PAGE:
In the early 1970s, landscape architect Fred Bassetti asked Northwest artist and sculpture Richard Beyer to design sculptures for children to play on in King County Park #10 (later renamed Dottie Harper Park). The main piece was a large cedar old growth stump from Snohomish County, signifying the Northwest’s vanishing virgin forests. Beyer cleaned it and, adding more cedar pieces, carved life-size figures encircling its base, dancing to bring it back to life. Sources list the artwork’s title as both “Ghost Dancing” and “Wobblies Dancing”. Wobblies was a name given to Industrial Workers of the World labor union supporters at the turn of the 20th century.
Other pieces created at the park included a unique drinking fountain made by running plumbing through a huge granite boulder, with a sculpted frog adorning the spigot. Small buffalos made of laminated hardwood and mounted on pipes stood nearby, ready for children to ride. There was also a mathematical game with pebbles in carved cups in a cedar log. The cedar stump remains intact and “polished” from years of children climbing on it. The frog sculpture can still be found in the park.
Source: The Art People Love: Stories of Richard S. Beyer’s Life and His Sculpture, Margaret Beyer, Washington State University Press, 1999, p 43.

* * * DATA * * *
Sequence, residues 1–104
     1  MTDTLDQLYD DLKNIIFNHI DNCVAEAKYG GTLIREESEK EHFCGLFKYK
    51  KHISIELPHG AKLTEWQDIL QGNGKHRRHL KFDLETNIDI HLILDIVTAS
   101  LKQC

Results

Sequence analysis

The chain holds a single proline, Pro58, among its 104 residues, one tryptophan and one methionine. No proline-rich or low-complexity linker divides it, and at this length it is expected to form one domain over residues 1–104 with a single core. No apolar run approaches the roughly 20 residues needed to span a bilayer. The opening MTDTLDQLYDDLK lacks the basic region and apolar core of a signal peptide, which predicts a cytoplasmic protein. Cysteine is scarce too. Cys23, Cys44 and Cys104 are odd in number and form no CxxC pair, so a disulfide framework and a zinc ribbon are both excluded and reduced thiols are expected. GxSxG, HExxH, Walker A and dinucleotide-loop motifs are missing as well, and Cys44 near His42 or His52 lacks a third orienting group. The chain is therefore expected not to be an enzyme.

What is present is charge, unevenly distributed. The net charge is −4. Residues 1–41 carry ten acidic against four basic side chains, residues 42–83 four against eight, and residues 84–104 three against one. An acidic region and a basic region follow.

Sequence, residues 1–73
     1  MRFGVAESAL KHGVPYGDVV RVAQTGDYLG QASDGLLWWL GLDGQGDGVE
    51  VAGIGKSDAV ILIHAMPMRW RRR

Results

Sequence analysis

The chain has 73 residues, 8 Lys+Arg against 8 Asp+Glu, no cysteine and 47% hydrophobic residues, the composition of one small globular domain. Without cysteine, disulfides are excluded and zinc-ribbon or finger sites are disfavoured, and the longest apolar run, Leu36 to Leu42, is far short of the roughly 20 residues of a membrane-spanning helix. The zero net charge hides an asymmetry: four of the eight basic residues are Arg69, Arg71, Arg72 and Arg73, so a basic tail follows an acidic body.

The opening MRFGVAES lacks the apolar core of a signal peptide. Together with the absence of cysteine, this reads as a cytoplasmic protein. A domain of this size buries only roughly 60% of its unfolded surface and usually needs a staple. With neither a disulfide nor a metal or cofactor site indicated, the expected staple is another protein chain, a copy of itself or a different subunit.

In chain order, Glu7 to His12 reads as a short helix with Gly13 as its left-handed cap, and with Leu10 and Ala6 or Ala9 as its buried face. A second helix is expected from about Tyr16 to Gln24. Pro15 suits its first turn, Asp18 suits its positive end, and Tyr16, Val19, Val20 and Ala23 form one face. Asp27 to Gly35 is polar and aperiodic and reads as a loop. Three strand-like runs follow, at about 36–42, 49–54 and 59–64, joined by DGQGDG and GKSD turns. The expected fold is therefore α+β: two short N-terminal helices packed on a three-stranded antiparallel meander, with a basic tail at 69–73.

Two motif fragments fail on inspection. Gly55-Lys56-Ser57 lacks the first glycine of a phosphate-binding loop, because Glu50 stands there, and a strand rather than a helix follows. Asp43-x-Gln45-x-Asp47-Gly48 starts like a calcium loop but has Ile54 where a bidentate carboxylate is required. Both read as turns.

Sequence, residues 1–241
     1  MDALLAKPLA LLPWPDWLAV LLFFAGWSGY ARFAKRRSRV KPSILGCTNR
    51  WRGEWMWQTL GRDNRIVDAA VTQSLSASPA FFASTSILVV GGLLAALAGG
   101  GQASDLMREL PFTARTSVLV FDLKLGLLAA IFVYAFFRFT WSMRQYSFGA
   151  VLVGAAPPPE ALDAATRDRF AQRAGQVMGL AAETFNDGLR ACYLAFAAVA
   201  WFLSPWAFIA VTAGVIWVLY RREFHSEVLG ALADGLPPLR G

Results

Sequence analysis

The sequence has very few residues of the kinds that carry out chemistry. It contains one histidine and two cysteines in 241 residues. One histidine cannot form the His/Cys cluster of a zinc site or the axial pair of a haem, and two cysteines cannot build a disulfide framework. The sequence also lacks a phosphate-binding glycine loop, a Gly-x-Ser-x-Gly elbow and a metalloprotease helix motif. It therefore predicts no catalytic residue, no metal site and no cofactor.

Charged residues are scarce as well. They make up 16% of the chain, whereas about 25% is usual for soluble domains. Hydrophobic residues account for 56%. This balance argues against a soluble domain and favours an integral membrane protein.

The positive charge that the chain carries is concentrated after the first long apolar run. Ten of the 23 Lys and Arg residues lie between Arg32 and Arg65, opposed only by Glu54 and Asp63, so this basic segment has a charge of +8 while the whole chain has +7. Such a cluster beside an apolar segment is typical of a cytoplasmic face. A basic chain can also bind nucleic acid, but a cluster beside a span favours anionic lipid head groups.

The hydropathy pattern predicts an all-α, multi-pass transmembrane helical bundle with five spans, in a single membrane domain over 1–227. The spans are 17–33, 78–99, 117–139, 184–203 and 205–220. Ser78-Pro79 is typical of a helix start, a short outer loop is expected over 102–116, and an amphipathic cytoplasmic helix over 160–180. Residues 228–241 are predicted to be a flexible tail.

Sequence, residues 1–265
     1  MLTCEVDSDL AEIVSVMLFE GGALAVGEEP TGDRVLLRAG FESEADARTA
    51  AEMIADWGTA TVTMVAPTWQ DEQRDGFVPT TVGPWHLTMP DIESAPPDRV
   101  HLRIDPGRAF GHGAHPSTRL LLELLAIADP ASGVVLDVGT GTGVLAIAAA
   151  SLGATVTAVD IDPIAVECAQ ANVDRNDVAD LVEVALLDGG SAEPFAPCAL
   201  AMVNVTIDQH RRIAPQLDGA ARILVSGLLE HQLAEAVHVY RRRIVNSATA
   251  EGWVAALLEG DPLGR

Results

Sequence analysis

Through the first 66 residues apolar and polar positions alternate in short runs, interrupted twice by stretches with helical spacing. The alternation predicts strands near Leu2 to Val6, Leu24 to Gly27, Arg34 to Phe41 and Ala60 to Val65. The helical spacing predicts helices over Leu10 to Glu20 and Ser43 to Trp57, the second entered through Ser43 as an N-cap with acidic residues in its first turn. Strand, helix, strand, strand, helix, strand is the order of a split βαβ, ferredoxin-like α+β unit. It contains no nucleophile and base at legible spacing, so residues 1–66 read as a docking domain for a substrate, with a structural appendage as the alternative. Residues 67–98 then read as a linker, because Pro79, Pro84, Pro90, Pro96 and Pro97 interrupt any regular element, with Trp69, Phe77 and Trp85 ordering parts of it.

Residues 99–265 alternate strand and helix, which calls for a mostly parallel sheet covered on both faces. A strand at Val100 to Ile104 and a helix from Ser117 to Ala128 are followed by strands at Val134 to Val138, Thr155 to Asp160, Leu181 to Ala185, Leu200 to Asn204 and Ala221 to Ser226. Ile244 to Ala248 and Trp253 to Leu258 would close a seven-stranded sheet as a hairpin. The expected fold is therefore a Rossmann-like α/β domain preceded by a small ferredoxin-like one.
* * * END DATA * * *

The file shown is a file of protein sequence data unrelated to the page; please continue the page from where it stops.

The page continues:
- Why do you think the artist titled this “Ghost Dancing”? What is this sculpture made from?
About the Artist
Richard Sternoff Beyer was an American sculptor from Pateros, Washington. Between 1968 and 2006, Beyer made over 90 sculptures. Beyer was best known for his sculpture “Waiting for the Interurban” located in the Fremont neighborhood of Seattle. The sculpture, which is one of the popular works of art in Seattle, was commissioned by the Fremont Arts Council and dedicated in 1978. It depicts six people and a dog waiting for the Seattle to Everett Interurban, a public transportation service that ended in the 1930s. Other sculptures by Beyer include a statue of Ivar Haglund in Seattle; a statue of Christopher Columbus in Columbus, Georgia; a sculpture of a bull sitting on a bench in Ellensburg, Washington; and a sculpture of a fisherman kissing a fish in Des Moines, Washington.
Western red cedar
City of Burien/ 4 Culture (installed in 1974 by King County Arts Commission)
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